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My name is Mina Megalla, I am an Egyptian archaeologist and a Researcher. For the last 15 years, I have been working in international projects and excavations all around the Middle East, the Balkans, the Caucasus, the Persian Gulf and North America.

I have worked for many prestigious institutions such as the Oxford University, the German Archaeological Institute, the University of Copenhagen among other great Educational establishments.

Undoubtedly the most precious possession Egypt has inherited for thousands of years is not the gold of the Pharaohs nor the architectural wonders and massive structures but the everlasting knowledge and art that kept hidden and preserved for generations to come.

The great American Egyptologist, James Henry Breasted, has emphasized through his many publications the importance of documentation of ancient Egyptian heritage and its influence on the modern world.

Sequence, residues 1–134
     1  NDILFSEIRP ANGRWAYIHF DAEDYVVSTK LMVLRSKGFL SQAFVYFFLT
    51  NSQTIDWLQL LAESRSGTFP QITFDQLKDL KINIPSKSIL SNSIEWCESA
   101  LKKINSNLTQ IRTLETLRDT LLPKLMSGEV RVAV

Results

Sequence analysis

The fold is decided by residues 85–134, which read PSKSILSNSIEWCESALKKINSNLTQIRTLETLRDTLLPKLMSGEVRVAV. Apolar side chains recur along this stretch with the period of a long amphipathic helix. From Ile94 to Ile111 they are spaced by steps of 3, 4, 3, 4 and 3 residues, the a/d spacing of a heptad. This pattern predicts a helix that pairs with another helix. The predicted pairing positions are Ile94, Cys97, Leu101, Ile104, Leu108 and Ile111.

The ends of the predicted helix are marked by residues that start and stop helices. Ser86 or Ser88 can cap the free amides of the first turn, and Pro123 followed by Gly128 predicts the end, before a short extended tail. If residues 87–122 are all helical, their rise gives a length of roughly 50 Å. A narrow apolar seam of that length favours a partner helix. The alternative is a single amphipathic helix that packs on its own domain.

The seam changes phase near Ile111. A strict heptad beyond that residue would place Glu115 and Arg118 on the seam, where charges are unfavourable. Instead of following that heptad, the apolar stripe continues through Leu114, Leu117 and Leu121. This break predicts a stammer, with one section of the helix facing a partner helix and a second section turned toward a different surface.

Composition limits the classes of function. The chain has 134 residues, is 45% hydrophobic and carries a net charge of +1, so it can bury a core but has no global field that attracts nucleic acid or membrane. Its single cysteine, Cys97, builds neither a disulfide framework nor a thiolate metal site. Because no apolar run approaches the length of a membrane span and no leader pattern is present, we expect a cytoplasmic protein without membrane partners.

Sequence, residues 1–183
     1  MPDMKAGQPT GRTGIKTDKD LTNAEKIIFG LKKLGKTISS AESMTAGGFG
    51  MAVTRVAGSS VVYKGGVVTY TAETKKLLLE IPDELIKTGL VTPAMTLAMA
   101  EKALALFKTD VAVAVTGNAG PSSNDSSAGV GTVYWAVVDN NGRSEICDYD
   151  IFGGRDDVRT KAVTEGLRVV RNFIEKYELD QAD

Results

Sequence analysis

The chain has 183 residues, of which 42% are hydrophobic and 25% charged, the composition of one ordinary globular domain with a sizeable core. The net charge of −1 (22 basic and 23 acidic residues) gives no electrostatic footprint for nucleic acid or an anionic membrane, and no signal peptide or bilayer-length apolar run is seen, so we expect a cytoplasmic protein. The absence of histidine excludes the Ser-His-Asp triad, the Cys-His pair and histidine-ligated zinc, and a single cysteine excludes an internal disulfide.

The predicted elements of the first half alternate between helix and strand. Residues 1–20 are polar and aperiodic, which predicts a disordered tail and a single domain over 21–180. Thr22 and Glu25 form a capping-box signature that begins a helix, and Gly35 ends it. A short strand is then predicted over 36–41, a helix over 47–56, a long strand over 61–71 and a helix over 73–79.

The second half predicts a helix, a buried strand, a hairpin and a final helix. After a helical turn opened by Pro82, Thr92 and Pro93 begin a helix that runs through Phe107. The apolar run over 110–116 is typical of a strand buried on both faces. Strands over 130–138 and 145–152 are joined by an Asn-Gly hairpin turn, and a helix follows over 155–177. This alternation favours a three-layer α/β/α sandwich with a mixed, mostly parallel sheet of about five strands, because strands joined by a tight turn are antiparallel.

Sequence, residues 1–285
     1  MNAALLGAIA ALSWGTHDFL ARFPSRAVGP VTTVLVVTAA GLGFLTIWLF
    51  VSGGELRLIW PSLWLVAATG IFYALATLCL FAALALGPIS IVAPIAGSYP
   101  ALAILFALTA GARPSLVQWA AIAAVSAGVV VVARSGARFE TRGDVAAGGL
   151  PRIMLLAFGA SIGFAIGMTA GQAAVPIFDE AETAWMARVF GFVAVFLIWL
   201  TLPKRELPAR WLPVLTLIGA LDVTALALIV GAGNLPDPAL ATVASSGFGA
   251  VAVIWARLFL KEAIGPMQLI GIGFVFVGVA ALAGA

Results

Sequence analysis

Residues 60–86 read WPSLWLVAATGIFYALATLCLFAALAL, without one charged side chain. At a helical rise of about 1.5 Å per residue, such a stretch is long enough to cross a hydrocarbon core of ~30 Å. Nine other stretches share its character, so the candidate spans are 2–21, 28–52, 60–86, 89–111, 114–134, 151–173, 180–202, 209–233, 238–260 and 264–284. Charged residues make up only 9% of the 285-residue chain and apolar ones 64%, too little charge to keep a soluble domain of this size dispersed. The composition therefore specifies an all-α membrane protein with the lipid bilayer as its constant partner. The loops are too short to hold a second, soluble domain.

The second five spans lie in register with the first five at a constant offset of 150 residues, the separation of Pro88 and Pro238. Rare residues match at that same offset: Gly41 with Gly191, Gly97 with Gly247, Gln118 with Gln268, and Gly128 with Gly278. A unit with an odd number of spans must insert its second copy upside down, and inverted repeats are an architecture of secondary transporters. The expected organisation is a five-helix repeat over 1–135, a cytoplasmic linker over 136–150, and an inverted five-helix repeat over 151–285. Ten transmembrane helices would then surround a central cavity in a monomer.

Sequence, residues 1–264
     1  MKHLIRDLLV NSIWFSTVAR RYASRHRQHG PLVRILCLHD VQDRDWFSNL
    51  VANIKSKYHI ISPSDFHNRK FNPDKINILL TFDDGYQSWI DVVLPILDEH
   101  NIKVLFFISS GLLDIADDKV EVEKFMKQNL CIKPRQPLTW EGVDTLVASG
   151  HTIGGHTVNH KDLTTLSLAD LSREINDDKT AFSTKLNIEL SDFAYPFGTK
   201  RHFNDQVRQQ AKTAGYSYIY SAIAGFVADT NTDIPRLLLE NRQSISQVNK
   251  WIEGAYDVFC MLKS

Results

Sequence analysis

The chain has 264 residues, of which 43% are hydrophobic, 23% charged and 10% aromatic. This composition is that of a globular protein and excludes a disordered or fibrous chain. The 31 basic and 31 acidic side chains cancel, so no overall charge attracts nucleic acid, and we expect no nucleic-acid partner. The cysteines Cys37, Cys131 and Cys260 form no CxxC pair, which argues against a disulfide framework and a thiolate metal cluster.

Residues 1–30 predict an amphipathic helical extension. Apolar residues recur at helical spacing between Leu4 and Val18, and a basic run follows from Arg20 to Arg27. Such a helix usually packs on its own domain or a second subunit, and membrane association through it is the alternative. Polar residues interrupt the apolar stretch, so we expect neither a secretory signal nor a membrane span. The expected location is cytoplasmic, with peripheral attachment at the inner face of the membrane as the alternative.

This knowledge wouldn’t be accessible today if it wasn’t for the genuine invention of papyrus as it enabled such process of documentation of art and writing in the most convenient way.

Not only papyrus helped to survive the heritage of Egypt but it was Egypt’s gift to the world as all the neighbor nations borrowed the new pioneering way to preserve their own heritage of art and writing systems as well as in their many correspondences.

Today we realize how connected the ancient world was through the thousands of these correspondences that were written and painted on papyrus. Yet, papyrus remained as in the ancient world an Egyptian original, representing the art of Egypt and its people. Today there is no better way to connect ancient Egyptian art to modern art than having it painted on papyrus, one of many gifts of Egypt to the world.